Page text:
Trash TMDL for Los Angeles River 1 Gumprecht, Blake (1999) The Los Angeles River: Its Life, Death, And

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Text of Trash TMDL for Los Angeles River 1 Gumprecht, Blake (1999) The Los Angeles River: Its Life, Death,...

  • Preliminary Technical Draft: 03/17/00 1

    Trash TMDL for the Los Angeles River Watershed:

    DRAFT

    I INTRODUCTION – LEGAL BACKGROUND................................................................................. 2

    II PROBLEM STATEMENT ............................................................................................................... 3

    A) DESCRIPTION OF THE WATERSHED.................................................................................................... 3 B) BENEFICIAL USES OF THE WATERSHED .............................................................................................. 5 C) WATER QUALITY OBJECTIVES ......................................................................................................... 12 D) IMPAIRMENT OF BENEFICIAL USES .................................................................................................. 12 E) DEFINITION OF TRASH/LITTER ......................................................................................................... 14 F) EXTENT OF THE TRASH PROBLEM IN THE LOS ANGELES RIVER ......................................................... 14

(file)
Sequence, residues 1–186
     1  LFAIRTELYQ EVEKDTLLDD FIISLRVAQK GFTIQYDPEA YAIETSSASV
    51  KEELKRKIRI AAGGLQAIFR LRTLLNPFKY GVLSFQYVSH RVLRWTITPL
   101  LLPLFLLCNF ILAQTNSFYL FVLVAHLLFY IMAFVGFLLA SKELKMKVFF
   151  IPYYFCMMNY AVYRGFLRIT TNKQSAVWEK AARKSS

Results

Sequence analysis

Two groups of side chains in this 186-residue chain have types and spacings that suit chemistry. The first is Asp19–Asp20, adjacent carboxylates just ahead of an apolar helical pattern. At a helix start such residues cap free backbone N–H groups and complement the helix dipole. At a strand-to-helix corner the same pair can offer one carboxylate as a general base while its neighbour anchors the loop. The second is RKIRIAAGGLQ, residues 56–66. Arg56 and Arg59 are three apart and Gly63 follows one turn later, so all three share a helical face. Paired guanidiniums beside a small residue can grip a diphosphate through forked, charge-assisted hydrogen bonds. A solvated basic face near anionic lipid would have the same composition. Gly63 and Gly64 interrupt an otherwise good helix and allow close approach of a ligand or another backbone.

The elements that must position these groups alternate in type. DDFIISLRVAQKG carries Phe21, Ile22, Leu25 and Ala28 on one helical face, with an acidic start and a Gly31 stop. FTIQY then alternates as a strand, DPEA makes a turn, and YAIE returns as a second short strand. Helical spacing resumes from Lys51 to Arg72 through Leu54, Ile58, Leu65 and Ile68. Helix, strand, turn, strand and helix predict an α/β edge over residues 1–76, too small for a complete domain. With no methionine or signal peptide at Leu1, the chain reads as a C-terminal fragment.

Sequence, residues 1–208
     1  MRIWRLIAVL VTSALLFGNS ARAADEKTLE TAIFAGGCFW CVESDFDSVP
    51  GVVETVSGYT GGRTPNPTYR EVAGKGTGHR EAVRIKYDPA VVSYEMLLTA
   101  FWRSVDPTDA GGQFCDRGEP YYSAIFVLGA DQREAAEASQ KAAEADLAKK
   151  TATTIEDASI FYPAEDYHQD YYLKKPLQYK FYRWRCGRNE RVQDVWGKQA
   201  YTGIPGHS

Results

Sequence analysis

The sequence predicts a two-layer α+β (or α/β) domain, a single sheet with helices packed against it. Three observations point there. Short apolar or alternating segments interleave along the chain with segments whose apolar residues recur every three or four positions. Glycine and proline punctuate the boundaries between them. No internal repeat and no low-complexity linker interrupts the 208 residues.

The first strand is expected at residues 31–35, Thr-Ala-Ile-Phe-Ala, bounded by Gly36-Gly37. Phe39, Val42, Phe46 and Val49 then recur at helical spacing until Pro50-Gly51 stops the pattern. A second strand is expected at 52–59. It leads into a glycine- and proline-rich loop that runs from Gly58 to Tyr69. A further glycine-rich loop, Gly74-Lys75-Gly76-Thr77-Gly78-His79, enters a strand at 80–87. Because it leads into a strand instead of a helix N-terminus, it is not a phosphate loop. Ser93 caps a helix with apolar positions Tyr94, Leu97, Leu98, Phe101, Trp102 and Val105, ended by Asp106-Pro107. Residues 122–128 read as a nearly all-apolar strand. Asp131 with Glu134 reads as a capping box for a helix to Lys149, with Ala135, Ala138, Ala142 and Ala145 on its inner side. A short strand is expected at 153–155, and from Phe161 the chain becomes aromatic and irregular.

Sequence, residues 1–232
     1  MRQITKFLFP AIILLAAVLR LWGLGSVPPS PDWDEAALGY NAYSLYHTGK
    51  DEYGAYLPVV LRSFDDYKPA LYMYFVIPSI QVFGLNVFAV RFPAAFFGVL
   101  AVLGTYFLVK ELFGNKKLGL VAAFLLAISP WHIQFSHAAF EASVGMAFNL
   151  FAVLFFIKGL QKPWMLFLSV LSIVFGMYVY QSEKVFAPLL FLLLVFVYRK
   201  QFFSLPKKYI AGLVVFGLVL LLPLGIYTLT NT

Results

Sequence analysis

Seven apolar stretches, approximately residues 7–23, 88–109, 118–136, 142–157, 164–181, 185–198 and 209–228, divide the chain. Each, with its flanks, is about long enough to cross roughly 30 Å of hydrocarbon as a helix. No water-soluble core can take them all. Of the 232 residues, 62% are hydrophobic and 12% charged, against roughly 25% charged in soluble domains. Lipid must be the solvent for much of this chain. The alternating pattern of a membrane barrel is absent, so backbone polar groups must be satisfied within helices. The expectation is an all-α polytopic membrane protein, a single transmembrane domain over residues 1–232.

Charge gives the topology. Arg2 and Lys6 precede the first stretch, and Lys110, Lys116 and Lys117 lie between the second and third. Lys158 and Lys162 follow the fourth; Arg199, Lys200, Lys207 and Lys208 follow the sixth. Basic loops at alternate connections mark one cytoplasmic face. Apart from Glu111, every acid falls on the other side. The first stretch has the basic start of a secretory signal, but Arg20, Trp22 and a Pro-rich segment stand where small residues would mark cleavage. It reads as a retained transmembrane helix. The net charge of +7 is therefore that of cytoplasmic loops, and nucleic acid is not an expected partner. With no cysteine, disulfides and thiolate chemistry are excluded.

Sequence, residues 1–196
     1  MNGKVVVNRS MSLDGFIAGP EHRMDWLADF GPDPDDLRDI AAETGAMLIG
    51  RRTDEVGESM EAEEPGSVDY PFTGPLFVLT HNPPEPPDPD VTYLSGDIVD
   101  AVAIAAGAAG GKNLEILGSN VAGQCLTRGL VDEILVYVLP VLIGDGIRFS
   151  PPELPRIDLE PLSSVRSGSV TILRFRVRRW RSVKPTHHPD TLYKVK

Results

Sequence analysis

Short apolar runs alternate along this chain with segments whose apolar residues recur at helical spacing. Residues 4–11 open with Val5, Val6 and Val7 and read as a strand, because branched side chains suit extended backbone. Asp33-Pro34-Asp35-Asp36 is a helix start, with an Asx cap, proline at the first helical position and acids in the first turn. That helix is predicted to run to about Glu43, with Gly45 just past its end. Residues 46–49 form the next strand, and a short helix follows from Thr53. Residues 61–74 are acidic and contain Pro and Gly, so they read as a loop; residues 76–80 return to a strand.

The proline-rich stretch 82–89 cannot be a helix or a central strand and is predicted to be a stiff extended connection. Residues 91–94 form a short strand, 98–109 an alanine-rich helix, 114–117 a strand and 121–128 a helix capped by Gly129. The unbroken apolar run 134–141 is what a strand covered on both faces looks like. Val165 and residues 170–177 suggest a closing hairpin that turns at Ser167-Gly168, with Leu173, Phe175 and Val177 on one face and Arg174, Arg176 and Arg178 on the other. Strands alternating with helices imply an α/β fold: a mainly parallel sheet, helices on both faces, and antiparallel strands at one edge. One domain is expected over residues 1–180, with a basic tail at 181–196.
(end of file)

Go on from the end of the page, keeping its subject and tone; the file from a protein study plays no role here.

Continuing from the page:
i) Transport Mechanisms ............................................................................................................... 14 ii) Current Data............................................................................................................................. 15 iii) Costs of Trash Clean-ups.......................................................................................................... 18

    III NUMERIC TARGET ..................................................................................................................... 19

    IV SOURCE ANALYSIS ..................................................................................................................... 20

    V LOAD ALLOCATIONS................................................................................................................... 21

    VI MONITORING............................................................................................................................... 22

    A) BASELINE MONITORING .................................................................................................................. 23 B) MONITORING THROUGHOUT THE IMPLEMENTATION PERIOD ............................................................ 24

    VII IMPLEMENTATION .................................................................................................................. 25

    APPENDIX I ........................................................................................................................................ 28

    APPENDIX II....................................................................................................................................... 73

  • Preliminary Technical Draft: 03/17/00 2

    I Introduction – Legal Background